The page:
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PostPosted: 16 Jan 2014, 23:32 
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This might be more of a strategy question......

I regularly play a guy who is a much better player than I am.....

I'm grateful for the opportunity to play him because he exposes my deficiencies (the 100 or so that I have) and it gives me something to think about and work on.........

I've realized that I chop fairly close to the table....maybe 3-4-5 ft back. That's where I seem most comfortable. Or let's just say I'm more comfortable closer than waaaaaaay back. I use OX.

After I chop....he's very good at backing me up by using very spinny....slow...fairly high arcing shots.

What's a good way to handle these? Or break the pattern?


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PostPosted: 17 Jan 2014, 02:36 
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Chop it on to get the ball back on the table. Don't try to do too much. If in position move to the forehand close the blade a lot and loop it back. Experiment with how hard you can loop it and still get it on the table. If the guy keeps doing it that means every time you play you get an opportunity to develop an attack against it. Eventually you will land more and he will become more weary of playing that shot. Plus you will develop offense when they draw you back in with the high arc loop. At that point he will push more to pull you into the table leaving you opportunity to flick, sidespin, pushblock or hit with the long pip. Also once he pushes more chops it will allow you yet another opportunity to develop a strong loop vs push or chop. In a year or two thank this man for developing your game further.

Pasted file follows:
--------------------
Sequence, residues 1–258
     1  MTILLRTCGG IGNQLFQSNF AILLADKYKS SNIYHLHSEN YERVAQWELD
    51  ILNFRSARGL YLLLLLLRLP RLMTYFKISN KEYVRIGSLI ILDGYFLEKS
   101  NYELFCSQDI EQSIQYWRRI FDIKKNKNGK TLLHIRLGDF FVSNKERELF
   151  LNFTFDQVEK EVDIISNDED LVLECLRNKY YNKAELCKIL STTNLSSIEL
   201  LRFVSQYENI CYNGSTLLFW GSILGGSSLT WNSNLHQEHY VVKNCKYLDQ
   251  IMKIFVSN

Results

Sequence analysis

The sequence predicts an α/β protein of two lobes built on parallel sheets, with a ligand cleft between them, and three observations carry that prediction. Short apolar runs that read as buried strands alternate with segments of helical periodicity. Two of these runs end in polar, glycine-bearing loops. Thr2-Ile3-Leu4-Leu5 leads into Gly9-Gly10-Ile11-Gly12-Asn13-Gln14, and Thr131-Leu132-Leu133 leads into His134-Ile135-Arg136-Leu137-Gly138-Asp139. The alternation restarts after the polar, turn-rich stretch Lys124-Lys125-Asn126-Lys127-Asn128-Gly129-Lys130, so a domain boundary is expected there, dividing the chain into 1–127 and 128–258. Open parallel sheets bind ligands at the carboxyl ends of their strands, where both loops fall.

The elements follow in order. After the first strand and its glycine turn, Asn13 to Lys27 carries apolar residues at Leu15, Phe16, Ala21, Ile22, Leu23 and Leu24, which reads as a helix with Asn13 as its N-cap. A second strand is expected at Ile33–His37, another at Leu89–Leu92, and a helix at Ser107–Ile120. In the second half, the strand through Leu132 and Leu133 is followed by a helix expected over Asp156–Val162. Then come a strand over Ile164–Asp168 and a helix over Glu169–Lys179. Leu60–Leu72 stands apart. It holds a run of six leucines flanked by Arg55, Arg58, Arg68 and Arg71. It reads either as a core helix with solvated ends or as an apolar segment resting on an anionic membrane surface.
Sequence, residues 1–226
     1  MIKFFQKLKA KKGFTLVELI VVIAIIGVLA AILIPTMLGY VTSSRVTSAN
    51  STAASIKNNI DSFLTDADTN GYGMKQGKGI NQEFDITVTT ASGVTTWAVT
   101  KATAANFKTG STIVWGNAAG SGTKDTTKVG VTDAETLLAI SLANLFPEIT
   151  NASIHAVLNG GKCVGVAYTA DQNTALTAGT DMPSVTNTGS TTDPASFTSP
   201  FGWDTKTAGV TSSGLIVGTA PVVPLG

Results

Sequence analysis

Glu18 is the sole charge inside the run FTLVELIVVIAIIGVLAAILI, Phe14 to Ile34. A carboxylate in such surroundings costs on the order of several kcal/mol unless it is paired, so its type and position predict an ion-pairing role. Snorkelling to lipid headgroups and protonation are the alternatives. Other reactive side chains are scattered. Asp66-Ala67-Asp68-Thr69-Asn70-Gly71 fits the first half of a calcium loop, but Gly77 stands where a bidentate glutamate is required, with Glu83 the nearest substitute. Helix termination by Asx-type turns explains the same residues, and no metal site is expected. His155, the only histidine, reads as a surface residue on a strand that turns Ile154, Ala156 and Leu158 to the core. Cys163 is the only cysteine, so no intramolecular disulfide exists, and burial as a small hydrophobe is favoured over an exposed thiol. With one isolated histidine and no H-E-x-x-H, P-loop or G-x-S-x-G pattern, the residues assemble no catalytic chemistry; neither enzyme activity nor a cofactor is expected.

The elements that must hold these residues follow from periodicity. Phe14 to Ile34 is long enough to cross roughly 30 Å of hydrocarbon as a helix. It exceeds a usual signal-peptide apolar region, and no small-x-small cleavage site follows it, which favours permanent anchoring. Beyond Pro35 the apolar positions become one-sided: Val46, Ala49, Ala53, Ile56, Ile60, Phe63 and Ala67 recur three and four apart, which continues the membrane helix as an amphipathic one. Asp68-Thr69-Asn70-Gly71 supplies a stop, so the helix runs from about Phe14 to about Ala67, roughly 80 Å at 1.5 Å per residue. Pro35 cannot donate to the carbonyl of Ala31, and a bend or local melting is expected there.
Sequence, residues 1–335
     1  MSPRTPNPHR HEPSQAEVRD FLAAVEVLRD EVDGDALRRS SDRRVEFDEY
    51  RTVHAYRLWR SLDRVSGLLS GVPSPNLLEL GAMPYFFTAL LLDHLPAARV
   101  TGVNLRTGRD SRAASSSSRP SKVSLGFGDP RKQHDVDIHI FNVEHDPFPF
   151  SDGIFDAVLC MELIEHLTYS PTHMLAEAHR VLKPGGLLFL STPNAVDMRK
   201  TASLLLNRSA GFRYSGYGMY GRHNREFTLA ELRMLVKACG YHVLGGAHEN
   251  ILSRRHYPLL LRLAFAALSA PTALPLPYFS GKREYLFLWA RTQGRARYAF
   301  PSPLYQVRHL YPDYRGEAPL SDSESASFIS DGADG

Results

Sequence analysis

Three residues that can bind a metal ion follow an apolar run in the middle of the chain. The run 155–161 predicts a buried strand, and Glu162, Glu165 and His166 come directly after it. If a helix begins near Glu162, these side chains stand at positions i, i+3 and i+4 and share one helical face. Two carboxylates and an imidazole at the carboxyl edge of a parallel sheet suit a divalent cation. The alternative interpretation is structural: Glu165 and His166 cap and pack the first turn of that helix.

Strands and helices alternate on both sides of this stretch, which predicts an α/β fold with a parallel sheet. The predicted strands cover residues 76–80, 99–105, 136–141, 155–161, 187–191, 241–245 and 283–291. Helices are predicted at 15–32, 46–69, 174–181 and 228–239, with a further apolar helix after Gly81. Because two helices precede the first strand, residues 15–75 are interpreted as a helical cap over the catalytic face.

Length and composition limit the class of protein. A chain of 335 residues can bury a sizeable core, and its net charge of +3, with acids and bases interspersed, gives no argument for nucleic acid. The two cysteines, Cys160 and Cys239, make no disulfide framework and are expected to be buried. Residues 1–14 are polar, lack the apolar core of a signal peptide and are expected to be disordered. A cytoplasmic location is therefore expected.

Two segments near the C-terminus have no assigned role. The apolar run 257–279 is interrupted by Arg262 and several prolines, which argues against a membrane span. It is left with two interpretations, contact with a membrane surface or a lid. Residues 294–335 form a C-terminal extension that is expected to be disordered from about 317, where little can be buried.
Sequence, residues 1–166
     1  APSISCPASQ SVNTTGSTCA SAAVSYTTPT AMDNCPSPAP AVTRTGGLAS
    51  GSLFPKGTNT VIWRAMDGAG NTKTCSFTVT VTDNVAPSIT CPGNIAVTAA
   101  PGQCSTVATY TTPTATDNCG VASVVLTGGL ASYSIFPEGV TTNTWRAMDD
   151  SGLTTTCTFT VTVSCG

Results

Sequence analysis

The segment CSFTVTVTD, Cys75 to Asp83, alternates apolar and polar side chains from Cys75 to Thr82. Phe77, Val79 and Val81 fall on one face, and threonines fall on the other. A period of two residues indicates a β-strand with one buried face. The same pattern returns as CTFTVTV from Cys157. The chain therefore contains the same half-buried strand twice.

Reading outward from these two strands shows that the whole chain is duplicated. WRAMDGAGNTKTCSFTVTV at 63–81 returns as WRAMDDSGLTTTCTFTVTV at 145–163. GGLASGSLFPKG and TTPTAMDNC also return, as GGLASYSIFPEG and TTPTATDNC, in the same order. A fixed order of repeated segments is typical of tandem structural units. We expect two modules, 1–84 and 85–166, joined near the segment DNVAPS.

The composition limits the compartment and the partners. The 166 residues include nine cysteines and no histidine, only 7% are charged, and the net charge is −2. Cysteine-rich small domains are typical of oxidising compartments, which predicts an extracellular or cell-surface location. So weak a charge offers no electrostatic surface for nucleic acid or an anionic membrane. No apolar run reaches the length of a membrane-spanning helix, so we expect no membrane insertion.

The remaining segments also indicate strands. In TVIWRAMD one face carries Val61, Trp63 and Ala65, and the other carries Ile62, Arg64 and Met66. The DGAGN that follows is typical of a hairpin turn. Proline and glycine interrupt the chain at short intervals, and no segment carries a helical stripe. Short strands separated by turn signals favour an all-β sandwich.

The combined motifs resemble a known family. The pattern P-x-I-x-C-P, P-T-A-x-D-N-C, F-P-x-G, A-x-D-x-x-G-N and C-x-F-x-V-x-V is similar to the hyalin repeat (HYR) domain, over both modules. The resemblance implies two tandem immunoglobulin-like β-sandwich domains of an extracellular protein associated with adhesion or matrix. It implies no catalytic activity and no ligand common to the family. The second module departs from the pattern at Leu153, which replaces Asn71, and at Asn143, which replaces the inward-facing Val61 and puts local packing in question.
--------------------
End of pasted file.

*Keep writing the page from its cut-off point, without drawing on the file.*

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PostPosted: 23 Jan 2014, 07:11 
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treetop wrote:
This might be more of a strategy question......


After I chop....he's very good at backing me up by using very spinny....slow...fairly high arcing shots.

What's a good way to handle these? Or break the pattern?


I thought this would be a good thing? We want people either to push or give a safe high arcing shot over the net that gives a chopper a chance to attack.
I would try and put it away . Just make sure you err on going long and not going into the net. Try to flat hit drive/smash or top spin drive . You have to make opponent pay .